LATEST UPDATE (May 27 6:40 pm)

Pinellas County is no longer under a Tropical Storm Warning, unless additional local watches or warnings are issued by the National Weather Service subsequent to this we should be out of any danger areas. We are still on a high surf advisory and small craft advisory.

Governor Scott declares State of Emergency for all 67 counties

The National Weather Service has issued a Tropical Storm Watch for all of Pinellas County, with a 25 – 30 percent chance the county will see sustained tropical storm force winds starting Sunday afternoon as Subtropical Storm Alberto approaches from the south.

Gov. Rick Scott has declared a State of Emergency for all 67 counties in order to allow state and local governments to coordinate with federal partners to obtain any necessary resources.

Pinellas County Emergency Management is advising residents to prepare for heavy rain and possible wind throughout the weekend. The strongest winds should occur Sunday night, with conditions improving rapidly Monday after daybreak. In addition, Alberto will bring a less than 5 percent chance of isolated tornados beginning Saturday night and continuing through Monday morning.

The county also is under a Flood and Rip Current Watch, but not a Storm Surge Watch. Emergency Management expects tides at 1.5 – 3 feet above normal, which could result in flooding within low-lying coastal areas at high tide. The National Weather Service is warning of dangerous boating conditions tonight through Monday with waves reaching 6 – 10 feet.

Commuters should take care while driving, as localized street flooding is possible.

The county continues to monitor conditions and urges residents to follow Pinellas County on Facebook and Twitter for updates and preparedness information. Subtropical Storm Alberto developed early Friday and is the first named storm of the 2018 hurricane season, which traditionally begins on June 1.

For more information about preparing for weather-related events or emergencies, visitwww.pinellascounty.org/emergency. Residents can also sign up to receive emergency alerts via text, call or email through Alert Pinellas atwww.pinellascounty.org/alertpinellas.

Pinellas: County under Tropical Storm Warning

County reminds residents to prepare for wind, rain throughout weekend

The National Weather Service has issued a Tropical Storm Warning for Pinellas County, meaning that tropical storm force winds are expected somewhere within the county within 36 hours as Subtropical Storm Alberto moves up the Gulf of Mexico. The forecast continues for call for maximum sustained winds of 20 – 30 mph, with gusts to 40 mph.

Pinellas County Emergency Management is advising residents to prepare for heavy rain and wind throughout the weekend. The strongest winds should occur Sunday, with conditions improving rapidly Monday after daybreak. In addition, Alberto will bring a less than 5 percent chance of isolated tornadoes beginning Saturday night and continuing through Monday morning.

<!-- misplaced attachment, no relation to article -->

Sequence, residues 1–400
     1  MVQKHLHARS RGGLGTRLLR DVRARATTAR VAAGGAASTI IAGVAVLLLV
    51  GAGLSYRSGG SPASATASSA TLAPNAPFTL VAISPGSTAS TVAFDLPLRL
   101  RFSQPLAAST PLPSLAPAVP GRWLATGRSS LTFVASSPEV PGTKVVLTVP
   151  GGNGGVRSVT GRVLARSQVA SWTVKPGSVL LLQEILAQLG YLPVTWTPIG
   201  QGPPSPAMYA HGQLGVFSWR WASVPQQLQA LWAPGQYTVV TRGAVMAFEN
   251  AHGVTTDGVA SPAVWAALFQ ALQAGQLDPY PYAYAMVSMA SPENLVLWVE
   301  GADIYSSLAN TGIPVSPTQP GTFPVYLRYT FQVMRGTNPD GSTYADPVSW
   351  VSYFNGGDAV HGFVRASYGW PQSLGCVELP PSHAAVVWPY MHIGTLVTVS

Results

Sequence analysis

Residents should use a National Weather Service radio or alert-enabled mobile phone during the overnight hours to stay up-to-date on potential tornado warnings. Residents can also sign up to receive weather advisories and other emergency alerts via text, phone or email through Alert Pinellas at www.pinellascounty.org/alertpinellas.

In addition to the Tropical Storm Warning, the county is under a Flood and Rip Current Watch, but not a Storm Surge Watch. Emergency Management expects tides at 1.5 – 3 feet above normal, which could result in flooding within low-lying coastal areas at high tide. The National Weather Service is warning of dangerous boating conditions tonight through Monday with waves reaching 6 – 10 feet. Rainfall in the amount of 2 – 4 inches is expected.

Commuters should take care while driving, as localized street flooding is possible, Beachgoers should stay up-to-date on the latest conditions and practice rip current safety steps outlined at https://www.weather.gov/safety/ripcurrent.

Gov. Rick Scott earlier today declared a State of Emergency for all 67 counties in order to allow state and local governments to coordinate with federal partners to obtain any necessary resources.

The county continues to monitor conditions and urges residents to follow Pinellas County on Facebook and Twitter for updates and preparedness information. Subtropical Storm Alberto developed early Friday and is the first named storm of the 2018 hurricane season, which traditionally begins on June 1.

For more information about preparing for weather-related events or emergencies, visit www.pinellascounty.org/emergency.